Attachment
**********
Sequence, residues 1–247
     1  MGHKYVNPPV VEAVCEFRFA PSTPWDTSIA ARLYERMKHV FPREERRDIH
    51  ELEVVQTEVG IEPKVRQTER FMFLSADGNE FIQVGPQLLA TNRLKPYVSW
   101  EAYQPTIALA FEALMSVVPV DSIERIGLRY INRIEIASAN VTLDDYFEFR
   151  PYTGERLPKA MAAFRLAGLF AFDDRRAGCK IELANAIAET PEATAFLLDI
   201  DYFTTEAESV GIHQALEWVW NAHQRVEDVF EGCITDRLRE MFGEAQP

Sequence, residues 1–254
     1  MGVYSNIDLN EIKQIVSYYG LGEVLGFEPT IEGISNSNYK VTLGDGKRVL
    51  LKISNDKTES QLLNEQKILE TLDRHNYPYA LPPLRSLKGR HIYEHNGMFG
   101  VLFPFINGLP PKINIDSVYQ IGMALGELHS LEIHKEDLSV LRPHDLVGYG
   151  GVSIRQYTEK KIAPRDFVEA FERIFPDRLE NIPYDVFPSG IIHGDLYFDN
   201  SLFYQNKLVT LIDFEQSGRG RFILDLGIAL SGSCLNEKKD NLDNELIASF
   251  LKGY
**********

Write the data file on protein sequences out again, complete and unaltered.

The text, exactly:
Sequence, residues 1–247
     1  MGHKYVNPPV VEAVCEFRFA PSTPWDTSIA ARLYERMKHV FPREERRDIH
    51  ELEVVQTEVG IEPKVRQTER FMFLSADGNE FIQVGPQLLA TNRLKPYVSW
   101  EAYQPTIALA FEALMSVVPV DSIERIGLRY INRIEIASAN VTLDDYFEFR
   151  PYTGERLPKA MAAFRLAGLF AFDDRRAGCK IELANAIAET PEATAFLLDI
   201  DYFTTEAESV GIHQALEWVW NAHQRVEDVF EGCITDRLRE MFGEAQP

Sequence, residues 1–254
     1  MGVYSNIDLN EIKQIVSYYG LGEVLGFEPT IEGISNSNYK VTLGDGKRVL
    51  LKISNDKTES QLLNEQKILE TLDRHNYPYA LPPLRSLKGR HIYEHNGMFG
   101  VLFPFINGLP PKINIDSVYQ IGMALGELHS LEIHKEDLSV LRPHDLVGYG
   151  GVSIRQYTEK KIAPRDFVEA FERIFPDRLE NIPYDVFPSG IIHGDLYFDN
   201  SLFYQNKLVT LIDFEQSGRG RFILDLGIAL SGSCLNEKKD NLDNELIASF
   251  LKGY